Knowledge Management

  • Knowledge Management

  • The knowledge management by David Drury, Head of HR, IAEA

    Knowledge Management can be defined as an integrated, systematic approach to identifying, acquiring, transforming, developing, disseminating, using, sharing, and preserving knowledge, relevant to achieving specified objectives.

    Knowledge Management (KM) has been introduced to the nuclear industry as a response to the aging nuclear industry workforce, where the generation that designed, commissioned and initially operated these plants has begun to reach retirement age. KM tools for capture and transfer of knowledge from this aging workforce to its younger replacements have been emphasized.

    While KM has certainly been used successfully for this purpose, KM has a larger, on-going application over the life of an NPP and beyond and this requirement is now a key feature of future workforce planning and development criteria for the New Nuclear Build programmes.

    Knowledge is often described as either Explicit, Implicit and Tacit categories.

    •  Explicit Knowledge implies declared knowledge (i.e. knowledge that is conscious to the knowledge bearer). Explicit knowledge is why it is not a problem for the employee to tell about rules and obviously learned facts. Very often this knowledge is already written down in books or detailed in task related and knowledge based training programmes.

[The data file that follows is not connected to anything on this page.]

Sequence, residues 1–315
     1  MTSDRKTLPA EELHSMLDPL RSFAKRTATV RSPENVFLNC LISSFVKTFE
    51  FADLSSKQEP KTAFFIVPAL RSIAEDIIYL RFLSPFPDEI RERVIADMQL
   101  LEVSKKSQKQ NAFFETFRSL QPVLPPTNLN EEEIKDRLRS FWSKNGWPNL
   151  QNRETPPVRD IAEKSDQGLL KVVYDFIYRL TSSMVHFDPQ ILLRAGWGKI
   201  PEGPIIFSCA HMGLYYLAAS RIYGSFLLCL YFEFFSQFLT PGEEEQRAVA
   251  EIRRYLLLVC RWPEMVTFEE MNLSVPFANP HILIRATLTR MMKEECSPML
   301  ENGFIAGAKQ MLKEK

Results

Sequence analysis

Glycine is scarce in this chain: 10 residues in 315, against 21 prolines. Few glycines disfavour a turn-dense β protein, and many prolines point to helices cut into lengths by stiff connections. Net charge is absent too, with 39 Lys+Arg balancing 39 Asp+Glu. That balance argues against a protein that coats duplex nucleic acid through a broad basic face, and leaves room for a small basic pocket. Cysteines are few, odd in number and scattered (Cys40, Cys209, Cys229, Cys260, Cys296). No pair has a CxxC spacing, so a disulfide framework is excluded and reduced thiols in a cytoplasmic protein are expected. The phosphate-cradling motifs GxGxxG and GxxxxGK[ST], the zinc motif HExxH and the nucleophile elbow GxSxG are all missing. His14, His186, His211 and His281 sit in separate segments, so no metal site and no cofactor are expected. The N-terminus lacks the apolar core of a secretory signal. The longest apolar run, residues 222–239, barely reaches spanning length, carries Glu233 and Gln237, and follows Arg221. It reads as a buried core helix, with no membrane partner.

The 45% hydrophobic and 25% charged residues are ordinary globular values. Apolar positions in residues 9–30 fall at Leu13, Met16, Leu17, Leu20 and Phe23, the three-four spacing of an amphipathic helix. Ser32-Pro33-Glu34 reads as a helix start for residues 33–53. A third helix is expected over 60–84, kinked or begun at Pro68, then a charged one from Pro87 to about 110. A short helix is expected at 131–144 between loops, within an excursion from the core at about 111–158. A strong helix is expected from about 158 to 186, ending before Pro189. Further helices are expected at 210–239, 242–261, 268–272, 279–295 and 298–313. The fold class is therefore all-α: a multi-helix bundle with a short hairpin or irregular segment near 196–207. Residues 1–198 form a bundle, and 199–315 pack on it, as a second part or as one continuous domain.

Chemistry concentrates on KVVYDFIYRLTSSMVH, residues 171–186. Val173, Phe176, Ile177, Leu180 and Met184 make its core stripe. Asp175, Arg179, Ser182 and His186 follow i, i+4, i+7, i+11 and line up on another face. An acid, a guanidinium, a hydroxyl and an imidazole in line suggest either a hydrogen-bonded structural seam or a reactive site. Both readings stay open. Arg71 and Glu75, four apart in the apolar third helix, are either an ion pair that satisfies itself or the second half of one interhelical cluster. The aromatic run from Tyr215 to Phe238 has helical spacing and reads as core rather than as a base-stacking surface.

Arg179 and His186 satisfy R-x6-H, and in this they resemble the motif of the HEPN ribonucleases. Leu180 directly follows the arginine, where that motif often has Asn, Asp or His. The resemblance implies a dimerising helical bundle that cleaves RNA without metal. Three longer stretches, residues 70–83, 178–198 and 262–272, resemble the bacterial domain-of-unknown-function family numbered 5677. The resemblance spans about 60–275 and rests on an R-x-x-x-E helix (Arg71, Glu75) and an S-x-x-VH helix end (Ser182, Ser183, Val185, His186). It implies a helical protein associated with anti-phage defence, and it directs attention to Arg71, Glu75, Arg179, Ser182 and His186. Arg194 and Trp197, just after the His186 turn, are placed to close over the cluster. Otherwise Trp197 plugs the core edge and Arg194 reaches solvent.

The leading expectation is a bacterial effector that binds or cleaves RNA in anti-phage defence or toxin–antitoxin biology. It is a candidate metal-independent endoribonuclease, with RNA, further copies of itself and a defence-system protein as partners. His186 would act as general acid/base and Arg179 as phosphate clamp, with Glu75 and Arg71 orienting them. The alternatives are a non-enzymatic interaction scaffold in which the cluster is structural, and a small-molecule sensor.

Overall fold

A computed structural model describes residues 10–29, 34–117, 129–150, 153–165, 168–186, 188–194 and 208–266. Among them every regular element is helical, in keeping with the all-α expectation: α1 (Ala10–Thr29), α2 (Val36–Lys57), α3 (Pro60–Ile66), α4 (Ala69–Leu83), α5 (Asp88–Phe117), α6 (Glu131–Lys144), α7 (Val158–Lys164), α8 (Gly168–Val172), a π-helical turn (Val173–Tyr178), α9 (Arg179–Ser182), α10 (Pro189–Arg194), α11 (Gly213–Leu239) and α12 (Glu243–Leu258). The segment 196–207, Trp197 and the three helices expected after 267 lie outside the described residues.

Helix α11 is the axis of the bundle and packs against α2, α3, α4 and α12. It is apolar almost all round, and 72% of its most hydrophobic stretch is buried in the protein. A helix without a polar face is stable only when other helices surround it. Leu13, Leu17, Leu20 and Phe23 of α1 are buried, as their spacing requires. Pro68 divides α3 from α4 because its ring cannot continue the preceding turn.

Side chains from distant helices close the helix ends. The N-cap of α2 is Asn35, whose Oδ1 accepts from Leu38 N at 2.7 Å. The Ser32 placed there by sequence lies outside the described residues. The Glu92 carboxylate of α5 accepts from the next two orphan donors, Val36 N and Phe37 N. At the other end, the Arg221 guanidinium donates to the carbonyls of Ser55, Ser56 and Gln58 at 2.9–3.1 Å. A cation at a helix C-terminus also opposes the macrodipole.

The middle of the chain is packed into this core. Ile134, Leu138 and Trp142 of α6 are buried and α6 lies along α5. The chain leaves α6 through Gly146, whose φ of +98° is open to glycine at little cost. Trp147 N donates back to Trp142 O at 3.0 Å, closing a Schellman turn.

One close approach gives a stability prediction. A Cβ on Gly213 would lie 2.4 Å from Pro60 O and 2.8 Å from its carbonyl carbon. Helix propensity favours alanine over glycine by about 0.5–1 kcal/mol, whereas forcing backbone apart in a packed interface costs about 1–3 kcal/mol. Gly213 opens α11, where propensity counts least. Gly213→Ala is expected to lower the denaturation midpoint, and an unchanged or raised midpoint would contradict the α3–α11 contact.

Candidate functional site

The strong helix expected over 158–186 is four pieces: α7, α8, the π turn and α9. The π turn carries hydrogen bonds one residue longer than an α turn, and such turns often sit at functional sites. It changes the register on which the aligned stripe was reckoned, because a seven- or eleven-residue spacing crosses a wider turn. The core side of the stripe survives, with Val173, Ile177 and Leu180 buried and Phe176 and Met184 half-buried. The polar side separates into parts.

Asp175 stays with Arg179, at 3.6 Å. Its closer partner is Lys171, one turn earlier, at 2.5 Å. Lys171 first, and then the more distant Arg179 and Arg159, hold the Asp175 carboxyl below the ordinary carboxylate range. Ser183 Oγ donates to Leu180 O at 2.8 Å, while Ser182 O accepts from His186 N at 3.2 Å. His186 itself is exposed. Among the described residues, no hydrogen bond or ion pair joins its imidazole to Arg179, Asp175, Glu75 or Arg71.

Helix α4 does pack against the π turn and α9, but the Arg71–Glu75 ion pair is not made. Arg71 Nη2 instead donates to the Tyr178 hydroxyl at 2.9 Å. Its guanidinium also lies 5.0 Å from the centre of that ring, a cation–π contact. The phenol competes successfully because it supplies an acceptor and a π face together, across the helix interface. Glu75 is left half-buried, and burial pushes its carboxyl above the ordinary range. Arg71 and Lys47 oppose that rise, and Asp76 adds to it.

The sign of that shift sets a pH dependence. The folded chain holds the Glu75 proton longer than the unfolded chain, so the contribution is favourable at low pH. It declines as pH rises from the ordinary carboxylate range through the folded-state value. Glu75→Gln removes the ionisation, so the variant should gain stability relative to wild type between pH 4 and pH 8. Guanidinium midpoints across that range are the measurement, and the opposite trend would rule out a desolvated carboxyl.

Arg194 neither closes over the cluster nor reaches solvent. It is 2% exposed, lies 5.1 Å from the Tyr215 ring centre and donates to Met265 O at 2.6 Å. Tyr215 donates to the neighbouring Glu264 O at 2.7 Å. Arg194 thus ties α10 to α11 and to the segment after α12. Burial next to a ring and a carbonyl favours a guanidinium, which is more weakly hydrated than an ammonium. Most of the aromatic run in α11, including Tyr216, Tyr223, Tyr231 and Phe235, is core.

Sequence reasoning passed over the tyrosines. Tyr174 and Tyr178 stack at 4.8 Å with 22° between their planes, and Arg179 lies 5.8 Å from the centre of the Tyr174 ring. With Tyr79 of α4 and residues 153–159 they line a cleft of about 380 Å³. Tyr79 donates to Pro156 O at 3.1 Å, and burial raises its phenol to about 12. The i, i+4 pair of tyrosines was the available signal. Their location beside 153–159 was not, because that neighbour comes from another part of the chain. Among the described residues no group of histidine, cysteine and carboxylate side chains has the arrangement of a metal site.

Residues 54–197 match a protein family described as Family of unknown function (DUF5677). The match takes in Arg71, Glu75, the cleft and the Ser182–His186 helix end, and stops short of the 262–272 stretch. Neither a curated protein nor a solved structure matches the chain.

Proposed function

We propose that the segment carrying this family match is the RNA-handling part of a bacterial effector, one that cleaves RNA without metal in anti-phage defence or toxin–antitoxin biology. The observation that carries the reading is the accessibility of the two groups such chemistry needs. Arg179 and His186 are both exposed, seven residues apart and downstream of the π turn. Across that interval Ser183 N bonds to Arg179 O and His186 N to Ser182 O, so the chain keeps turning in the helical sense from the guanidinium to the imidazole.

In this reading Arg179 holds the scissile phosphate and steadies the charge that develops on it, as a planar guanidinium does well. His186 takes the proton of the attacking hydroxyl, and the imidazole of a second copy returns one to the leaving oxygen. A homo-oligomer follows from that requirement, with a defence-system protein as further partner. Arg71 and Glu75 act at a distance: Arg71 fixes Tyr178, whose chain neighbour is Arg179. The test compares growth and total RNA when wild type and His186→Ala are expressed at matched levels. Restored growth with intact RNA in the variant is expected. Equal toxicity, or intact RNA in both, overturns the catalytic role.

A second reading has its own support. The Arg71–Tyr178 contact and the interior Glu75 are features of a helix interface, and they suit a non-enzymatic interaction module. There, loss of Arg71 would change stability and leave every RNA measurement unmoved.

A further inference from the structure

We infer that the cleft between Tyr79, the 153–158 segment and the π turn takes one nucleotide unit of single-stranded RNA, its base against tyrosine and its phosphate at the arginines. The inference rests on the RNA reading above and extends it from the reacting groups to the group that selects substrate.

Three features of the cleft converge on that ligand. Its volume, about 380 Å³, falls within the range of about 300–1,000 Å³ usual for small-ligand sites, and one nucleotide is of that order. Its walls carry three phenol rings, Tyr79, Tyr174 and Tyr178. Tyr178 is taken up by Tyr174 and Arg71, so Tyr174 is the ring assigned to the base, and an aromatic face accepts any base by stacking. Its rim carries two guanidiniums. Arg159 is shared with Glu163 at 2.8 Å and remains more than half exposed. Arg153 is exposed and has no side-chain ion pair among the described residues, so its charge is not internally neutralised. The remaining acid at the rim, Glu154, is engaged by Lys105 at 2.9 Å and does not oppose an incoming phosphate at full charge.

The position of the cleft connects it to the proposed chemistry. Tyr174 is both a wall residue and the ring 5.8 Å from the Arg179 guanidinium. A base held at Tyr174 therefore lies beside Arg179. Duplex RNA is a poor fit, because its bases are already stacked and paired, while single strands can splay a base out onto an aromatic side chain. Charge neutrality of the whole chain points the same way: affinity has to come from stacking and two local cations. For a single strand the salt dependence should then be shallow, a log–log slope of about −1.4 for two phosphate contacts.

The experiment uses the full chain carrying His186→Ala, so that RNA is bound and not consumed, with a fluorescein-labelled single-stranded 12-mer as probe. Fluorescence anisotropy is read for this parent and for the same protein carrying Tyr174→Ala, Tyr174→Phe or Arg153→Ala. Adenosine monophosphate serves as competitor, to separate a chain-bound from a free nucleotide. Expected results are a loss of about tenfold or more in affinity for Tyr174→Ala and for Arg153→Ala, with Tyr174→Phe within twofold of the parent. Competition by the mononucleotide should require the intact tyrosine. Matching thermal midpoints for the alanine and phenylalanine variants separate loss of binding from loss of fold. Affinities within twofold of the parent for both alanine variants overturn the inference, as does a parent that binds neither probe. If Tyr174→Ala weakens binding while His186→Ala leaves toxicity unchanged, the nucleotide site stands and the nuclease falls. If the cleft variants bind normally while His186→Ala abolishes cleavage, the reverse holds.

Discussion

•  Implicit Knowledge is difficult to reveal, but it is still possible to be recorded. Usually knowledge bearers cannot recall this knowledge by themselves, because the information is too obvious to them. It is generally feasible to convert implicit knowledge into explicit knowledge through documenting it.

    •  Tacit Knowledge, is the most difficult to recall to transfer. Tacit knowledge is wholly embodied in the individual, rooted in practice and experience, expressed through skilful execution, and transmitted by apprenticeship and training through watching and actively doing forms of learning.

    A successful and robust Knowledge Management programme in the nuclear industry should cater for all three categories of knowledge, the programme should focus on people and organizational culture to stimulate and nurture the sharing and use of knowledge, the programme should have sufficient quality processes and methods to find, create, capture and share knowledge; and suitable technology to store and make knowledge accessible to current, remote and future workers.

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